In this way, the claim that the people have been empowered with democratic rights, they have been made sovereign and that their rights have been ensured lacks concrete basis. For a large number of people of the agricultural and non-agricultural fields, it has brought nothing but despair, disappointment and debilitation. The superficial developmentalists, quite a few intellectuals, high level officials and parliamentary leaders who are also chiefs of smuggling rackets, will create a din about development and say – ‘schools have been built, roads have been constructed, health posts have been opened’ etc. However, this will be clear when we compare with the loan that has been received from foreign countries. Can this modest development be justified in proportion to 172 billion rupees received in loan during nine years from 1990 to 1999? (NRB, 1998/99: 79 &table 36 & NRB, 1989/90: Table 33). Furthermore, it is necessary to see that empowerment, wealth and justice are the indicators of development not some modest changes in physical infrastructure which automatically takes in course of time. In this dark period when the power is concentrated in the hands of higher classes, wealth is under the ownership of the rich and justice has been made to serve the interest of the privileged, it is not necessary to get confused by the false reasoning of so-called development workers, corrupt persons and sycophants. There are only two things that the parliamentary system has provided to the people – to shout hoarse at leisure and to cast vote to the representatives of higher or middle class once in every five years. It may be a great democratic opportunity from the western standards but for the Nepalese people who are deprived of basic means of living, it is like a French Shampoo displayed at the departmental store in Tripureshwor but is beyond the purchasing capacity of the ordinary people. This means that there is no essential difference between the Panchayat system and parliamentary system for the common Nepalese. In fact, these two are the only different forms of superstructures. Both of them were not responsible towards the people. Comparatively speaking, Panchayat was simpler, more transparent and easier to understand, while the parliamentary system is more complicated, less transparent and difficult to understand. Both of them are the forms of government, which represented the higher classes. The practice of present day parliamentary system takes us to this conclusion.17 Furthermore, the long list of those killed and missing mentioned above, clears even the remaining doubt about it.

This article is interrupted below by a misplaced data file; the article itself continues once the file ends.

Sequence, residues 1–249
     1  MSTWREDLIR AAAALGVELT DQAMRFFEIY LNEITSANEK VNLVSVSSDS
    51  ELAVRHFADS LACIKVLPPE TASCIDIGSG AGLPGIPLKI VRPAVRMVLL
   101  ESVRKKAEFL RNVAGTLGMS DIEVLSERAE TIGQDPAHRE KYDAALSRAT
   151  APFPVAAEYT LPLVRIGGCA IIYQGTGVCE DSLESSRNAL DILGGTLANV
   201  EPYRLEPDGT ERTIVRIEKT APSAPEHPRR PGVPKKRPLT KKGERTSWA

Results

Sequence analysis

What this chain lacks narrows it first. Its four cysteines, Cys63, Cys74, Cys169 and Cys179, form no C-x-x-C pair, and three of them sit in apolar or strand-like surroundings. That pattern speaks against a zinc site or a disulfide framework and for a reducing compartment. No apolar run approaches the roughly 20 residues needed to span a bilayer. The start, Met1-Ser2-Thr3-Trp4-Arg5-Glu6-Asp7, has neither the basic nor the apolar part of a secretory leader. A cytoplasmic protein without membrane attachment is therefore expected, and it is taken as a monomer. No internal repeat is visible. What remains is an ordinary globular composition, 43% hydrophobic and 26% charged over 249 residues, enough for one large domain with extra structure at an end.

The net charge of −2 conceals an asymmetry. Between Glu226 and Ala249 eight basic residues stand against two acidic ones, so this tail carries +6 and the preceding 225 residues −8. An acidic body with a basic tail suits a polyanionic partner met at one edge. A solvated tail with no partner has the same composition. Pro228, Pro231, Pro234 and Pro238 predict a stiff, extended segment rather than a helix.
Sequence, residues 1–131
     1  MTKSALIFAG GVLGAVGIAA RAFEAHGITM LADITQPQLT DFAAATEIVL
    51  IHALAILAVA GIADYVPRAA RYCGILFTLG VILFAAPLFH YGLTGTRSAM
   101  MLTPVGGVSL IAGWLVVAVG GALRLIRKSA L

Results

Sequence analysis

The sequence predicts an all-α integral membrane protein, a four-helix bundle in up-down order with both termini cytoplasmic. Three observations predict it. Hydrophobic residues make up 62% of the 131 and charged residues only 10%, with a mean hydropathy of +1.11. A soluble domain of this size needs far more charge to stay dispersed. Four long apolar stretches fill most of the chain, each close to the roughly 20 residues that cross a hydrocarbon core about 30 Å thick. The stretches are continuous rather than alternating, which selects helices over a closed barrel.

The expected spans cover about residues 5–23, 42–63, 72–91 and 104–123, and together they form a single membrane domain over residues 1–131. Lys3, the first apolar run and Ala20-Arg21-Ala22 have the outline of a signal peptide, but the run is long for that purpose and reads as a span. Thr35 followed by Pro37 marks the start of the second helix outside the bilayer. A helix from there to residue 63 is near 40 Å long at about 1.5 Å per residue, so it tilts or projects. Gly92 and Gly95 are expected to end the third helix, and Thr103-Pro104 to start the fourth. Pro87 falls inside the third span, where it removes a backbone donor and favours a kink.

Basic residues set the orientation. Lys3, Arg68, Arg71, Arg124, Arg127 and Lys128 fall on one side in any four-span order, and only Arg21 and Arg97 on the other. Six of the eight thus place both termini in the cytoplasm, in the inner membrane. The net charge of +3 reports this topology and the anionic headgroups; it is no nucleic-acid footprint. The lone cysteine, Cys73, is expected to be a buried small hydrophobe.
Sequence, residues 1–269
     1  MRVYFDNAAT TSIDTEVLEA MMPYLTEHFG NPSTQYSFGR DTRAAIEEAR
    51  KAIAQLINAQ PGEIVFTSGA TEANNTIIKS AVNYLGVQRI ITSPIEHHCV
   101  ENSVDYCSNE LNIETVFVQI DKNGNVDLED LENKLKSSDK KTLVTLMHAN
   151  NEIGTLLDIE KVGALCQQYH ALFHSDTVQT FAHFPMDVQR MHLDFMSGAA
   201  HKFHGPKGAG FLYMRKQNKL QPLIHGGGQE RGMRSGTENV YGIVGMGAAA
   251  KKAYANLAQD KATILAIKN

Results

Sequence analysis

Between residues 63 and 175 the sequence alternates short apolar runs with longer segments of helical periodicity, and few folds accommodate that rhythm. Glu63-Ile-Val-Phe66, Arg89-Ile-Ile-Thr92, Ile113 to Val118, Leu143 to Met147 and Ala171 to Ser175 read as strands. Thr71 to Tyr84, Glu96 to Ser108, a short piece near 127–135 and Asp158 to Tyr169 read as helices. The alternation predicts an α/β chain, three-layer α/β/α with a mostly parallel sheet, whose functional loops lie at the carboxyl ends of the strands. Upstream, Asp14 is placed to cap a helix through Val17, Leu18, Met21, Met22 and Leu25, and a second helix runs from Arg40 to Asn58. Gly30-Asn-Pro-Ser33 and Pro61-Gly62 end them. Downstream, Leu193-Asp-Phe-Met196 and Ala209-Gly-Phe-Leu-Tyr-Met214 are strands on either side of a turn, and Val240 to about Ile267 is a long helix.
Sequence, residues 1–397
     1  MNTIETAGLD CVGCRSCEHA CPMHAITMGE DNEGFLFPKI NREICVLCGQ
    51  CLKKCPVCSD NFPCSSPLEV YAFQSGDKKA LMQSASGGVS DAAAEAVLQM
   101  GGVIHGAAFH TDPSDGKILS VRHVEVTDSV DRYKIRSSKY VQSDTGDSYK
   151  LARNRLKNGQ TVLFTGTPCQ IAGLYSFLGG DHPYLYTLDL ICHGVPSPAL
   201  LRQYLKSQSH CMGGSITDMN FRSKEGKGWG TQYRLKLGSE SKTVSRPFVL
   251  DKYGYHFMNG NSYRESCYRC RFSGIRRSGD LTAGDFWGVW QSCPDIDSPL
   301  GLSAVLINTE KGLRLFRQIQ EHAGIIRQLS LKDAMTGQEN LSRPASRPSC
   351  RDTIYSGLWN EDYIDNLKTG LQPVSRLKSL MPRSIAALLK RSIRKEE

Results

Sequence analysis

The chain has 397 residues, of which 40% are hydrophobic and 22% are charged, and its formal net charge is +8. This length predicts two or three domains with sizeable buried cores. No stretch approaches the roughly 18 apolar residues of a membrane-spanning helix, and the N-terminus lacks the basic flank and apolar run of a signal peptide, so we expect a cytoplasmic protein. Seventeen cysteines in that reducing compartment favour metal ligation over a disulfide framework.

Patriotism: